From: Dale Andersen's Astrobiology Field Reports
Posted: Wednesday, April 8, 2009
There are several regions on Earth where mean annual temperatures are well below freezing and yet liquid water persists. Such polar regions provide excellent analogs to study the hydrological cycle under conditions that have prevailed in the polar desert environment of Mars. In regions of continuous permafrost fluxes of energy and water are strongly linked. However most scientific studies of northern hydrology have been limited to surface process studies focusing on precipitation, snowmelt, evaporation, slope runoff and streamflow. The springs located at Axel Heiberg Island provide insights into the limits of physical and biological processes associated with groundwater in cold polar deserts. These qualities make them valuable as analogs for groundwater activity on Mars.
The Colour Peak springs (photo) are located on the south-facing slope of Colour Peak at an approximate elevation of 100 m ASL, emerging from the top of the slope along a line nearly 400 m long. These springs are grouped into 3 distinct topographically controlled areas with 20 vents discharging directly into Expedition Fiord three hundred meters down slope. Interestingly, the springs on Axel Heiberg Island flow all year with little variation in their temperature and are not associated with volcanic activity.
Photo: Steam rises from the carbonate terraces that form at the Colour Peak perennial spring (N79*22.866' W091*16.270'). Colour Peak, a salt dome, is in the background. Photo: Dale Andersen (c)2009
McGill Arctic Research Station (M.A.R.S.)
The McGill Arctic Research Station is located 8 km inland at Expedition Fiord, Nunavut, on Central Axel Heiberg Island in the Canadian High Arctic (approximately 79o26'N, 90o46'W). Established in 1960 on the shores of Colour Lake, M.A.R.S. is one of the longest-operating seasonal field research facilities in the high Arctic, providing access to glacier, ice cap, and polar desert and tundra environments. Researchers utilizing M.A.R.S. have accumulated the longest continuous mass balance record for any high Arctic glacier (White Glacier). Past and current research conducted at the various springs has been carried out with support of this facility.
Groundwater and the Search for Life on Mars
Despite the vast differences between the two planets today, Mars and Earth may have been much more similar early in their histories. If life developed on Mars as it did on early Earth it may have faced an untimely extinction as the cryosphere of Mars enveloped the entire planet, its atmosphere thinned and liquid water ceased to exist at the surface. Or perhaps it has retreated to subsurface refugia. Nonetheless, even when Mars was wet it was probably cold. Thus the hydrological cycle in the coldest regions on Earth provides the best analog for a Martian hydrology. From studies of springs, rivers and lakes in the polar regions quantitative models have been developed that show how liquid water could have persisted on Mars even if mean annual temperatures were below freezing. Springs, residual icings, pingos, and massive ground-ice deposits located in the Arctic (and Antarctic) provide opportunities to study microbial ecosystems in extreme polar environments.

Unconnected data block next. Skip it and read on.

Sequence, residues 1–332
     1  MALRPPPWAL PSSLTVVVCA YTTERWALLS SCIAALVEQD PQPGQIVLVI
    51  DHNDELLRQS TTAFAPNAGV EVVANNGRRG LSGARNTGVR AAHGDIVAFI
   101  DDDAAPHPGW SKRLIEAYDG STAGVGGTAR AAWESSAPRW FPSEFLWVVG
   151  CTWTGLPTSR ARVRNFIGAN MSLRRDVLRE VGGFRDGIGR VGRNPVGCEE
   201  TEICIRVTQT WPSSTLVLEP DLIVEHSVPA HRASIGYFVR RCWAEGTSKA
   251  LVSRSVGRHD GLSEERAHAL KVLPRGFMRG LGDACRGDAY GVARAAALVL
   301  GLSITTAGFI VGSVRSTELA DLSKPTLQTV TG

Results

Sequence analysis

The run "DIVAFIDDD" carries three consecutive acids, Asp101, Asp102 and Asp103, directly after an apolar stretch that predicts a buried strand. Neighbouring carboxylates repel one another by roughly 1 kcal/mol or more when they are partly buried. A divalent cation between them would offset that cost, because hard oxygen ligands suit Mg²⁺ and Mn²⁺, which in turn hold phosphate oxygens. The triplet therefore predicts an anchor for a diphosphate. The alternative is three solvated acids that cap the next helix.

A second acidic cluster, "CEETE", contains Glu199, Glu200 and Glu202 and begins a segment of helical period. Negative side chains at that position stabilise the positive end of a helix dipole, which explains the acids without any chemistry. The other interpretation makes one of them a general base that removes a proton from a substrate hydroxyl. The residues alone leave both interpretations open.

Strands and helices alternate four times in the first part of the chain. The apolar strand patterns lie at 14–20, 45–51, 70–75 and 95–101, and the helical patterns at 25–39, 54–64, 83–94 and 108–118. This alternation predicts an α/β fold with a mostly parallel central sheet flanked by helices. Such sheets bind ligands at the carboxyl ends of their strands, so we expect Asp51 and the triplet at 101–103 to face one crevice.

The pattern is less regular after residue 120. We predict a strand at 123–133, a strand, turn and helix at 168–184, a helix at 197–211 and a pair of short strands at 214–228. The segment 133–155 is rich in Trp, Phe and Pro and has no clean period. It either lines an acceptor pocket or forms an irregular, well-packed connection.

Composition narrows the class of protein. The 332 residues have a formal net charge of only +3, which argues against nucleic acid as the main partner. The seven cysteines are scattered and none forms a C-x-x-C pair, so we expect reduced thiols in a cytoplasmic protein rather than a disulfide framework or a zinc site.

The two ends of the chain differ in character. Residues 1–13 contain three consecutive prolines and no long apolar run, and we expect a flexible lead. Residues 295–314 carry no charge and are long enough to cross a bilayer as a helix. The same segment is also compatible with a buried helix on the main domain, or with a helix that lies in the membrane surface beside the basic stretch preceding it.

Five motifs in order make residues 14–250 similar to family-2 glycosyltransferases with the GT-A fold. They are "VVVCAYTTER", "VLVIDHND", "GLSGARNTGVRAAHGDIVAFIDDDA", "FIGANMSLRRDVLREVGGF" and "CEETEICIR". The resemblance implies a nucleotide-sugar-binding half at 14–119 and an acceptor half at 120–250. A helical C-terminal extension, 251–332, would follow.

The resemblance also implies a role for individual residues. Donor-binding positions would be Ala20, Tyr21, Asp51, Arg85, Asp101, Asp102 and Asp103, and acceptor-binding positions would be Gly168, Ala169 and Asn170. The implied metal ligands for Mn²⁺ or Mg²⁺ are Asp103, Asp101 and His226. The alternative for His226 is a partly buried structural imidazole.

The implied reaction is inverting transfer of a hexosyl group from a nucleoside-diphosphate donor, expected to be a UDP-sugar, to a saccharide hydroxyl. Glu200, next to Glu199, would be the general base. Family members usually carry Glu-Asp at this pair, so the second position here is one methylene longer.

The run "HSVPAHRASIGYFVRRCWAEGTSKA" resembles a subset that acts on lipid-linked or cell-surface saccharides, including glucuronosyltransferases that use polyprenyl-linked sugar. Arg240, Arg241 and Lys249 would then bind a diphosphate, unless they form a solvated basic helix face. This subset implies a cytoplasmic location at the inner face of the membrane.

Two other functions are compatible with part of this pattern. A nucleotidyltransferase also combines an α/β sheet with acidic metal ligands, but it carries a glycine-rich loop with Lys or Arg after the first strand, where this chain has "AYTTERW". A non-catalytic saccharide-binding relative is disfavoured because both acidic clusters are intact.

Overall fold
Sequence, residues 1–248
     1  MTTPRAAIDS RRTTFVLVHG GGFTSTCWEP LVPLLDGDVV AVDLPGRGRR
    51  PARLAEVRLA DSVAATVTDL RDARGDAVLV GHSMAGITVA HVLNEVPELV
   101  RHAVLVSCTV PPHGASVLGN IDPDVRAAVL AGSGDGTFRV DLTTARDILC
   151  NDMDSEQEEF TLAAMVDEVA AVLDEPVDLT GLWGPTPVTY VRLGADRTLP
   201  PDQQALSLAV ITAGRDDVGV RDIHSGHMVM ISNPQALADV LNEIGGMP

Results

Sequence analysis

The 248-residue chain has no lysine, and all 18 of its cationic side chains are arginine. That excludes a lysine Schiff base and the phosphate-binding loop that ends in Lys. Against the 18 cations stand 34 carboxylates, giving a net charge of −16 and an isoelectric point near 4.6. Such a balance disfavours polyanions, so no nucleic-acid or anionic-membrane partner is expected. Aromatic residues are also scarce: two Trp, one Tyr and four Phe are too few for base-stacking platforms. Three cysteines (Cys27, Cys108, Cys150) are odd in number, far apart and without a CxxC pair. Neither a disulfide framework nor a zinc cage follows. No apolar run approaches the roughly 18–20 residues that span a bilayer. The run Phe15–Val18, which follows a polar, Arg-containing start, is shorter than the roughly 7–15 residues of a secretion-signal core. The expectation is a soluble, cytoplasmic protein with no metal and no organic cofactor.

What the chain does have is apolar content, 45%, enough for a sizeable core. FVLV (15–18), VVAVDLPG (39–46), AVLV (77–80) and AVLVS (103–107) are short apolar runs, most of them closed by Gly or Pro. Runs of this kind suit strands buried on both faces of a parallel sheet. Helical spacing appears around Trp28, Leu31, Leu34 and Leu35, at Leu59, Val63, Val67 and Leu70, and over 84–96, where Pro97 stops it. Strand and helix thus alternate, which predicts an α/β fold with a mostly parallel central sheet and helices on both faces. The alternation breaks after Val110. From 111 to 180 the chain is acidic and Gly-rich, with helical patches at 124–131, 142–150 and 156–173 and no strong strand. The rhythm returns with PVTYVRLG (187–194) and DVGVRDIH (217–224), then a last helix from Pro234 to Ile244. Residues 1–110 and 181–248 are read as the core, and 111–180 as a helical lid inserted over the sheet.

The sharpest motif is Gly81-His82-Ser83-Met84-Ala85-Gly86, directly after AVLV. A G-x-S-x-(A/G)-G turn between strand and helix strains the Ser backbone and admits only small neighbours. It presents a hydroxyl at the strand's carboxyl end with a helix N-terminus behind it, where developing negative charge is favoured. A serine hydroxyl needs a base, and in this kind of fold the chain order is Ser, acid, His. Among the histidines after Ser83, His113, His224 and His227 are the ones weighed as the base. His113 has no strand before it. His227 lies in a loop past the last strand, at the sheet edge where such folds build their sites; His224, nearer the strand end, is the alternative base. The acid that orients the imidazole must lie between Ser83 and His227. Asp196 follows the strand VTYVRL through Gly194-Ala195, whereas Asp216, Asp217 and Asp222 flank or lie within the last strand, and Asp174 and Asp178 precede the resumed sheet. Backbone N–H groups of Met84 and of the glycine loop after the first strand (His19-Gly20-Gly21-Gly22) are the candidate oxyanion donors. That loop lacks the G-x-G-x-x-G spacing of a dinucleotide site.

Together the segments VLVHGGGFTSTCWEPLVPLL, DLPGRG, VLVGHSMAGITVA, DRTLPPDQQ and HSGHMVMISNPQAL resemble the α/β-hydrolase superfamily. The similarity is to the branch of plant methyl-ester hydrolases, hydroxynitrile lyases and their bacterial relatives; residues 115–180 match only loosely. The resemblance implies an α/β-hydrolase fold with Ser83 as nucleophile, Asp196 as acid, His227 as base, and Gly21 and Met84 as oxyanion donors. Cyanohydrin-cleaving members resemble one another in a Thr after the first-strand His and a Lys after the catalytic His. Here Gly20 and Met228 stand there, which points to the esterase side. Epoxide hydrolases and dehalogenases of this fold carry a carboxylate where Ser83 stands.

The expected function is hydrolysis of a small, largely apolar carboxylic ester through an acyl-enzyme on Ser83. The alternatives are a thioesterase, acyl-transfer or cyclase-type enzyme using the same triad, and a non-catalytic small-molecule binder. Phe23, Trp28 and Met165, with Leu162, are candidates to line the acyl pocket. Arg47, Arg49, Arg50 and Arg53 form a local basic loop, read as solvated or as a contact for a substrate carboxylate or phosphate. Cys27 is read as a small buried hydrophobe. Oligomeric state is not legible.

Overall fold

The ranges in temperature, pH, redox, nutrient availability and the large seasonal variations in light have undoubtedly shaped the structure and function of the ecosystem as well as impacting the biological record left in the sediments. The planet Mars may have once hosted microbial ecosystems in a physical setting not too dissimilar to the Earth's polar regions. Determining the nature of the early martian climate, the existence of subsurface water, or whether Mars ever gave rise to life will be aided by studies of terrestrial microbial ecosystems in regions of thick, continuous permafrost.
Our work is supported in many ways and we would like to acknowledge the support for fieldwork by the Canadian Polar Continental Shelf Project, NASA's Exobiology program, the Canadian Space Agency, the McGill University High Arctic Research Station, and the Natural Sciences and Engineering Research Council of Canada. Additional funding for student research has been provided by the Department of Indian and Northern Affairs, Northern Scientific Training Program and the McGill University Centre for Climate and Global Change Research.
Dale Andersen (http://daleandersen.seti.org)
Wayne Pollard (http://www.geog.mcgill.ca/faculty/pollard/)
// end //